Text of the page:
Prolonged Room Temperature Ischemia Does Not Affect the Quality of Total Tissue RNA
Larry True, Belinda Nghiem, Bryce Lakely, Colm Morrissey. University of Washington, Seattle
Background: Molecular assays provide guidance for identifying tumors likely to respond to targeted therapy. Many of these assays require high quality RNA. A method widely used to assess RNA quality uses the Bioanalyzer (Agilent). Degree of RNA integrity is reported as RNA Integrity Numbers (RIN), using a Bioanalyzer. RINs range from 1 to 10 (1 indicates degradation of total RNA; 10 indicates little or no RNA degradation). We hypothesized that the length of time a samples sits at room temperature before freezing (the cold ischemia time) correlates with extent of RNA degradation.
Design: Prostate cancer and benign tissues were acquired from both rapid autopsy (RA; n=35) and radical prostatectomy (RP; n=72) samples. Cold ischemia times were recorded. Integrity of total RNA extracted from tissue aliquots was determined on an Agilent 2100 Bioanalyzer.
Results: RINs of RP samples (range of cold ischemia time: 20 to 100 min.) ranged from 2.4 to 9.7. There was no correlation of RIN with time.
RINs of RA samples (range of time from patient death to tissue stabilization by freezing: 2 to 6.5 hrs.) ranged from 3.0 to 7.9 (Different samples from each autopsy differed in RIN).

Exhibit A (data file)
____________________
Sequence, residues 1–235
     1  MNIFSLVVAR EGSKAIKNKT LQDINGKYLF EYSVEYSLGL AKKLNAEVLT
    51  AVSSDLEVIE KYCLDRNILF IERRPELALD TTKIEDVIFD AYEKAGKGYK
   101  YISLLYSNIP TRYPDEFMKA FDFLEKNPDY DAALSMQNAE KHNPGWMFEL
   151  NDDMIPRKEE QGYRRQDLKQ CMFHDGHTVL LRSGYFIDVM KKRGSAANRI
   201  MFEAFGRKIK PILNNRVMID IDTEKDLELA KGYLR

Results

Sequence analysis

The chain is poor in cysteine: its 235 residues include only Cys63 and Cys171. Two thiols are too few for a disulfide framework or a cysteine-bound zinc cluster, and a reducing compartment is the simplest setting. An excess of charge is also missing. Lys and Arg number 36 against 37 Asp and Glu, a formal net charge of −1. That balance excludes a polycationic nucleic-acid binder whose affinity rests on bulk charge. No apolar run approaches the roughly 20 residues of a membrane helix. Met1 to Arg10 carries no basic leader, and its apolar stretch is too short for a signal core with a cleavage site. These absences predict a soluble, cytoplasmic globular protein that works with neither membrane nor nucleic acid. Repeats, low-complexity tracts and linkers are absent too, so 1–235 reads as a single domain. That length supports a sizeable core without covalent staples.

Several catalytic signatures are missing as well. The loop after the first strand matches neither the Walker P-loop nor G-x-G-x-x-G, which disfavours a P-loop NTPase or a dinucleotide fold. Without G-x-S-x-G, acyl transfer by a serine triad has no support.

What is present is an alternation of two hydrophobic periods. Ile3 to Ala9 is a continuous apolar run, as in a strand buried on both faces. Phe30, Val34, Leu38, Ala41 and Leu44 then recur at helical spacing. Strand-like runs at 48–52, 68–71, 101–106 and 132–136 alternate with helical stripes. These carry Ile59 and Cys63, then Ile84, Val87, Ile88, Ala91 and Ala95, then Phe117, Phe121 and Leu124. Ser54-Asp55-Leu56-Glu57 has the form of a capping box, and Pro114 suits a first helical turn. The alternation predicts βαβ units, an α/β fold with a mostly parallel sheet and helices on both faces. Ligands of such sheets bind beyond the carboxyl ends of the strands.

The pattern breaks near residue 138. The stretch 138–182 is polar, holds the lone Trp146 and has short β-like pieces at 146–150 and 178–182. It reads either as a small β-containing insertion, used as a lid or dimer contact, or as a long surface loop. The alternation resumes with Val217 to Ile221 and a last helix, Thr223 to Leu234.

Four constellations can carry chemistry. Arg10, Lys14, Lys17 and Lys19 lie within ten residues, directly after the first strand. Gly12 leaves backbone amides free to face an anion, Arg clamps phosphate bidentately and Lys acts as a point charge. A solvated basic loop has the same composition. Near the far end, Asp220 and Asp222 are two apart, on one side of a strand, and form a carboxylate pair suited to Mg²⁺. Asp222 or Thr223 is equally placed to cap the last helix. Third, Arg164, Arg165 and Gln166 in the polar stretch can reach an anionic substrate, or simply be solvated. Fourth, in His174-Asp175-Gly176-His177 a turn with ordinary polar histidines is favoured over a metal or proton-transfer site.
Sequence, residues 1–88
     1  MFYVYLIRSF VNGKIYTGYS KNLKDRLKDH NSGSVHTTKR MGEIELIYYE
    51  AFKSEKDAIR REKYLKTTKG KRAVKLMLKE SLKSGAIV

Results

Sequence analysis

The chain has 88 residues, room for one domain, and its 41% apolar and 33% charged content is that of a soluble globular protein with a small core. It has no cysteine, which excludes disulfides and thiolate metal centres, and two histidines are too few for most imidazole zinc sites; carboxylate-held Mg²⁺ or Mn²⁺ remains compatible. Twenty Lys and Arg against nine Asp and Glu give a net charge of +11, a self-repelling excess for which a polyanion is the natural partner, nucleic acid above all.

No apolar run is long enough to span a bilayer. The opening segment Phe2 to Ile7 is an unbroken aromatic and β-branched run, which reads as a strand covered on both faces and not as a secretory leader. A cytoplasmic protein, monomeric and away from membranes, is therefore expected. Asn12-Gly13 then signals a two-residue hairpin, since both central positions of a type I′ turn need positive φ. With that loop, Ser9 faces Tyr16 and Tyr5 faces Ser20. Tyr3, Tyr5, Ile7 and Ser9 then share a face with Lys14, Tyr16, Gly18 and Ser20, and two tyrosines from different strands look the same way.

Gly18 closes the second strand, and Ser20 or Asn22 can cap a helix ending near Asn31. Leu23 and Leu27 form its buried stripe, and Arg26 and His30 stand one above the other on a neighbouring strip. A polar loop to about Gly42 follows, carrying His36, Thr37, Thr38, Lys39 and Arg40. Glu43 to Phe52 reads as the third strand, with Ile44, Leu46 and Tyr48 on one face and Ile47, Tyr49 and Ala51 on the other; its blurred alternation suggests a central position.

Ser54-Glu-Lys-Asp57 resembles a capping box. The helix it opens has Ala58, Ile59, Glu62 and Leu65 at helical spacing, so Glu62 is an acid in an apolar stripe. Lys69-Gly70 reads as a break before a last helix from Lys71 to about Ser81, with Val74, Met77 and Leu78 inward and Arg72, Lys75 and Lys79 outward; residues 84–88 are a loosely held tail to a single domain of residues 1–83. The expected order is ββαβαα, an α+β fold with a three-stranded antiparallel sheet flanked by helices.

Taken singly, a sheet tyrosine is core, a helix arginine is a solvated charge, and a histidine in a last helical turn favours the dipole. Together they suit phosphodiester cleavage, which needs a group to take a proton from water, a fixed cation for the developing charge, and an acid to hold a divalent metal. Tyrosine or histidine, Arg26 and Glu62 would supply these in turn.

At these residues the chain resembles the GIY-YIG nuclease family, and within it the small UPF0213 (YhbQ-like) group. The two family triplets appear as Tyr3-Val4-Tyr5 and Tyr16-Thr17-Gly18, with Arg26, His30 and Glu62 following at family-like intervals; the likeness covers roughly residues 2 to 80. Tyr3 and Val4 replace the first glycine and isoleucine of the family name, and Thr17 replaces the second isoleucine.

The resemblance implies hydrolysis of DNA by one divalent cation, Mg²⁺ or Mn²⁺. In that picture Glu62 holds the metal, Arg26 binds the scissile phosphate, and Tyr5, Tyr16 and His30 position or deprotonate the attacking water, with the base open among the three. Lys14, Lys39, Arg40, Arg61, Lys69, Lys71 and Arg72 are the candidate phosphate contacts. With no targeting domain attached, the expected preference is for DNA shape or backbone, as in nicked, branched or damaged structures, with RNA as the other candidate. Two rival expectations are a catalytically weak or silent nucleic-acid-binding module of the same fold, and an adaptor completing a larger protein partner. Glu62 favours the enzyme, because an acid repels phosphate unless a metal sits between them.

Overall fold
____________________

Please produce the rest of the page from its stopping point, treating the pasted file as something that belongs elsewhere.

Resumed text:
With several exceptions, there was a trend toward decreasing RIN with time, though some samples after 5 hours of cold ischemia still had a RIN of 7.
Conclusions: Despite prolonged cold ischemia times (up to 2 hrs for RP samples and 6.5 hrs. for RA samples), the quality of RNA does not significantly decrease in a time-dependent manner. Pre-analytical factors, i.e. warm ischemia time, hypoxia, high protein pre-op diet, etc., are known to affect levels of specific mRNA's. Since the quality of total RNA was essentially independent of cold ischemia time, we cannot rely upon the RIN to reflect the effect of cold ischemia time on RNA quality for tissue acquired within 7 hours of devitalization. To predict which tissue samples have high quality RNA, a better assay of RNA integrity is needed.
Category: Special Category - Pan-genomic/Pan-proteomic approaches to Cancer
Tuesday, March 20, 2012 9:30 AM
Poster Session III # 279, Tuesday Morning